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Traditional vs Montessori Classroom

Please see table below for a comparison between a Traditional vs Montessori classroom.
(source: American Montessori Society)

Traditional

Montessori

Children grouped chronologically by a single grade (ex: 1st grade class) Students grouped in 2 – 3 year developmental age span. (Ex: 1st-3rd grade class)
Children seated at desks most of the time. Children work at tables, on the floor with freedom of movement.  
Class, as a group, studies one subject at a time. Children pursue their own self – paced curriculum individually or in small groups; in various parts of the classroom.
Class schedules and frequent interruptions limit child’s involvement.  Large blocks of “work” time without teacher – dictated interruptions. 
Time periods allotted. No time restrictions; subjects not studied according to the clock
Teacher centered Child centered
Basal readers or “whole language.” Phonetic – based, multi sensorial; more flexible reading and writing program.
Teacher has central role in classroom activity; child receives direction from adult via predetermined activities.  Teacher acts as a guide and follows the child; child determines direction of learning by own interests.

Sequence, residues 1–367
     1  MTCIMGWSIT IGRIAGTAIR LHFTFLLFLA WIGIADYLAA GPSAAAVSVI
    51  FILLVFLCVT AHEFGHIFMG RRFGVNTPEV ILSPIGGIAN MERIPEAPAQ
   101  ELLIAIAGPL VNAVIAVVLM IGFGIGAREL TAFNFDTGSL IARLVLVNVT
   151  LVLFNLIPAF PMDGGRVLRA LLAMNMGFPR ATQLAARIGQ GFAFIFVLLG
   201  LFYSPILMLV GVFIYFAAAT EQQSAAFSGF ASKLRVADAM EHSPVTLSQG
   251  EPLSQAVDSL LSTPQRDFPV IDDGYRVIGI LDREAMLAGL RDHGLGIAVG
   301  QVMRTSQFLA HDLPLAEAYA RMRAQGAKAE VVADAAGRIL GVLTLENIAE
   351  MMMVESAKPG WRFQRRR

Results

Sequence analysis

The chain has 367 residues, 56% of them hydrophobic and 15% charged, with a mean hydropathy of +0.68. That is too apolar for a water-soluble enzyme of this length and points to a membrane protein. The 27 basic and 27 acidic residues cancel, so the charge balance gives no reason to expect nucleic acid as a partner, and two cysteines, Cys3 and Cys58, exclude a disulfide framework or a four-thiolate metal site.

Rewards and punishment Self motivation
Discipline is external to child via the authority of the teacher (ex. reward systems, point systems). Purposeful and self – selected work provides internal self-discipline.
Most lessons presented to large or small groups. Most lessons given to individuals or pairs.
Textbooks and worksheets reinforce lessons given by the teacher. Child discovers concepts through repetitive work with manipulative materials.
Learning is reinforced by external rewards such as grades, rewards, and verbal acknowledgements. Control of error lies in the material itself.  Child’s own intelligence fosters correction.
Textbooks and worksheets provide source of information.  Self-perfection is a natural tendency of every child and excitement and a desire for self-mastery motivates learning.
Child assigned own chair and expected to spend most of day stationary. Children can work where he/she desires and move and talk at will – without disturbing others.
Children are dependent upon the teacher.  Most curricula are teacher - directed with very little choice. Children are self – directed and make their own choices.
Subjects are compartmentalized. Subjects are intertwined.  
Teacher “corrects” pupils’ errors. Children learn from peers, self – correcting materials.
Answers are provided by teacher. Children correct themselves through control of error.
Instruction pace is usually set by group norm or teacher. The child takes responsibility for his/her own ideas, judgments, actions and decisions.
Orientation of work and classroom milieu determined and directed by teacher. Work time is designed to honor individual child’s focus and interests.